Illustrated companion

Patrick Heron settled in Cornwall in 1956 when he was already established as a writer on art as well as a painter. His 1955 book Changing Forms of Art was highly influential. This is one of a group of horizontal stripe paintings made by Heron in 1957-8. Although in effect rigorously abstract it nevertheless, according to Heron, with its 'swept together blending of the bands of parallel colour, gave rise to a suspicion of a possible figurative, land and sea and sky reading.' This possible landscape connotation led him soon to abandon stripes in favour of rectangular forms.

Heron is above all concerned with colour which, he says, is 'both the subject and the means; the form, and the content, the image and the meaning in my painting ...' He has made it clear that the stripes are simply vehicles for the colour: 'Early in 1957, when painting my first horizontal and vertical colour-stripe paintings, the reason why the stripes sufficed as the formal vehicle of the colour was precisely that they were very uncomplicated as shapes. I realised that the emptier the general format was, the more exclusive the concentration upon the experiences of colour itself'. Interestingly, Heron has described the colour composition of this painting in musical terms, writing of '... the stratified spatial bars which ascend in chords of different reds, lemon-yellow, violet and white up the length of my vertical canvas. This particular horizontal stripe painting was made to be part of a new interior scheme for the London offices of the publishers Lund Humphries, which were being refurbished by the architect Trevor Dannatt. The scheme featured a suspended ceiling of wooden slats whose alignment was parallel to the bars of Heron's painting when installed in its given position, a relationship which Heron found extremely intriguing. The commission was given on the basis of Heron's previous horizontal stripe paintings and the painting remains wholly independent when removed from its original setting, as occurred in 1970.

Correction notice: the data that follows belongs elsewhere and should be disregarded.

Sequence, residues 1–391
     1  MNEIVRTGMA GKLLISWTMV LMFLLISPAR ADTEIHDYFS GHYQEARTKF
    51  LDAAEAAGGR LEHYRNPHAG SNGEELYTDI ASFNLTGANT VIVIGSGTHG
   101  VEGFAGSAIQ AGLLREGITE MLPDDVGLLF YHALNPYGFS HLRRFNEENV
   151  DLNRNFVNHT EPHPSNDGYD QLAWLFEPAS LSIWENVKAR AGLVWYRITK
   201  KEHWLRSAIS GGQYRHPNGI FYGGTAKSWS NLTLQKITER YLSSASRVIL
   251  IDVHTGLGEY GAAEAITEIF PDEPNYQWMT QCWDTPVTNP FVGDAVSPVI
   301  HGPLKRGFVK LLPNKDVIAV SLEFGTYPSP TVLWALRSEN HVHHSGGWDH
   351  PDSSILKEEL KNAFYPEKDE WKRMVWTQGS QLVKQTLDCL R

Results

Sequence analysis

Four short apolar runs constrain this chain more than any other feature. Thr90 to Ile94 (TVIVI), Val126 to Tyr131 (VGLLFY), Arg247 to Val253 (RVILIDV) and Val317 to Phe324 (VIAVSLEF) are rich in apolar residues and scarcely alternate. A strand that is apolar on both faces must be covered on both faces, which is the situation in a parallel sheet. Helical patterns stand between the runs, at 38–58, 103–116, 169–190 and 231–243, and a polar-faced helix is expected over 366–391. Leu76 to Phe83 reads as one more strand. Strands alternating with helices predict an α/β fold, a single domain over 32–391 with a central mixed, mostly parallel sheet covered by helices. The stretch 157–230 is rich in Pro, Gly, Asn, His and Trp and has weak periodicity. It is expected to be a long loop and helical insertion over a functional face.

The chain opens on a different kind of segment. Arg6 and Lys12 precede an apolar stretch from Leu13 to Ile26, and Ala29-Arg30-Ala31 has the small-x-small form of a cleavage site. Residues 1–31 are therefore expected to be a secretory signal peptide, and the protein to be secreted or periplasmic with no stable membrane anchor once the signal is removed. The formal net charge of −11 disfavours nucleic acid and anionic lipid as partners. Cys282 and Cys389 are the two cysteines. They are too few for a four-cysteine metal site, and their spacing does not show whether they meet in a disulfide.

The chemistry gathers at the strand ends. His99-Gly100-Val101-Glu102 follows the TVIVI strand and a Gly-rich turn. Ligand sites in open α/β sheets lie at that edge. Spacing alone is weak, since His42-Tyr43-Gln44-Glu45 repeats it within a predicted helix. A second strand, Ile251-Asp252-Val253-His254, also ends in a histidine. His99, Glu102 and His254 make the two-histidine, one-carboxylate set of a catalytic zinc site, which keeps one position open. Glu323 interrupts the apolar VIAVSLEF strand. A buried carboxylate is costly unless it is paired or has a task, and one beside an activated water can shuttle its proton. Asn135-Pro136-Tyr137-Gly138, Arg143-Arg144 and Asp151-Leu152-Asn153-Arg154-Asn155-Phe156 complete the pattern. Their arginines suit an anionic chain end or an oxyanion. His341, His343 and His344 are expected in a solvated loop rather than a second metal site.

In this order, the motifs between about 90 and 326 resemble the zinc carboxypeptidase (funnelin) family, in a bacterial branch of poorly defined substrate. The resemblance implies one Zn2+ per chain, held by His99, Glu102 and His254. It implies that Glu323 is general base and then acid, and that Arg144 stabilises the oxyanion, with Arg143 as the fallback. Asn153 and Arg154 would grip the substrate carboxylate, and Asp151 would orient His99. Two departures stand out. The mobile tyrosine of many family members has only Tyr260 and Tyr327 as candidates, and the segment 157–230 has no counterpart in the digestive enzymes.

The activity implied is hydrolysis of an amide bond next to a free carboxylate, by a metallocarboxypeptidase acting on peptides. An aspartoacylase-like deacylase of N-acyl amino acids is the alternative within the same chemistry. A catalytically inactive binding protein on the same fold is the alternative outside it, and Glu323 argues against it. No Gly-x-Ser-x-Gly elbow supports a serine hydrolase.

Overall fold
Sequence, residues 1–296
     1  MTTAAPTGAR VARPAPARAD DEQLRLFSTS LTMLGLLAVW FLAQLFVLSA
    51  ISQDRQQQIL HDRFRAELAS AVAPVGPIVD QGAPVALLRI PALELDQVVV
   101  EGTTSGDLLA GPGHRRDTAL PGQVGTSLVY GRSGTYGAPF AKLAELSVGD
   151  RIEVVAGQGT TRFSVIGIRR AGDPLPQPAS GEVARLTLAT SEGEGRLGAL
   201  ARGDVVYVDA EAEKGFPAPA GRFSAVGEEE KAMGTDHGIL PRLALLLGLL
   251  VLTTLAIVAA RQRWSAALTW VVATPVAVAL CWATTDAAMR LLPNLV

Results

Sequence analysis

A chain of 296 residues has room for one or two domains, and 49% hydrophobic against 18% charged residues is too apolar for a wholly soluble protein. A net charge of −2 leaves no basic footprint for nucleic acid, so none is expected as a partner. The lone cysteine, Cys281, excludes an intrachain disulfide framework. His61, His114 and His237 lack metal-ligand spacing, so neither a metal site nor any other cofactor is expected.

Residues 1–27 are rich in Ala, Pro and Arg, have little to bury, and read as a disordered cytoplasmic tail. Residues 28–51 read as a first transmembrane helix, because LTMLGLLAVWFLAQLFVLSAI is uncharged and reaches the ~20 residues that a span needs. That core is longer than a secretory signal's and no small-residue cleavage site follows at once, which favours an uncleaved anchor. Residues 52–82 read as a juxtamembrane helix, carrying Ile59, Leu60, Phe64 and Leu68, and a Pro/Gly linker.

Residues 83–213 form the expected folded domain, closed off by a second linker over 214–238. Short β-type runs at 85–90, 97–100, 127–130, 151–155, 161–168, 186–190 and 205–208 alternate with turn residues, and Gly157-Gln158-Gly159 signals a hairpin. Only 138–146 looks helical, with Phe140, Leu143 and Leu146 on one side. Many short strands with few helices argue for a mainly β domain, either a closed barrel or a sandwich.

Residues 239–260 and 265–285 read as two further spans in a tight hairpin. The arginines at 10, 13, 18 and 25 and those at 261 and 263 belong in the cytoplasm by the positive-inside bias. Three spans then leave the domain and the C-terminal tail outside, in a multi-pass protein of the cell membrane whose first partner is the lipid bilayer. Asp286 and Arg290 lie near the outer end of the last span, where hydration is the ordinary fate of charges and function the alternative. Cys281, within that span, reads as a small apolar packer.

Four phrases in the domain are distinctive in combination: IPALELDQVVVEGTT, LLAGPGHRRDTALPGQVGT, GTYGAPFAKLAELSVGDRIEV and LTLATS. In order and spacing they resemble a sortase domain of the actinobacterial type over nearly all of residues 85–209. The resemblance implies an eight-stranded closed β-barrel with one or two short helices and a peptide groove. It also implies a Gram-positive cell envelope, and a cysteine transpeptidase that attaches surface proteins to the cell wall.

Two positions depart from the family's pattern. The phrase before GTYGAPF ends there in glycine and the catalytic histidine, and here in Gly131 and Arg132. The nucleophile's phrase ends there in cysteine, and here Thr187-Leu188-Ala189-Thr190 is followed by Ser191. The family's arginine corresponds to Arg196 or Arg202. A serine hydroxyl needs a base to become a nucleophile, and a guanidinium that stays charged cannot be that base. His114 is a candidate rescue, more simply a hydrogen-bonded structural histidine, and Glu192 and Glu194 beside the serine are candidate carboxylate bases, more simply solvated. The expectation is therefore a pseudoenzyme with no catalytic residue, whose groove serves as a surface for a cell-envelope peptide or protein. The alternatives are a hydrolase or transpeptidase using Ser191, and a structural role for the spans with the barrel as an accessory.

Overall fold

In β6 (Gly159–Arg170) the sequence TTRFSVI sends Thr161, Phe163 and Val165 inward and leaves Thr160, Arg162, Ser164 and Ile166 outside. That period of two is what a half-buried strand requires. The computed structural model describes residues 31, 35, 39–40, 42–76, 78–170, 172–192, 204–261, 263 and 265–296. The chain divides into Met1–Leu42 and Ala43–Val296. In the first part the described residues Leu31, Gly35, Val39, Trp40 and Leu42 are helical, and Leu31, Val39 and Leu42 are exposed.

Published in:
Simon Wilson, Tate Gallery: An Illustrated Companion, Tate Gallery, London, revised edition 1991, p.222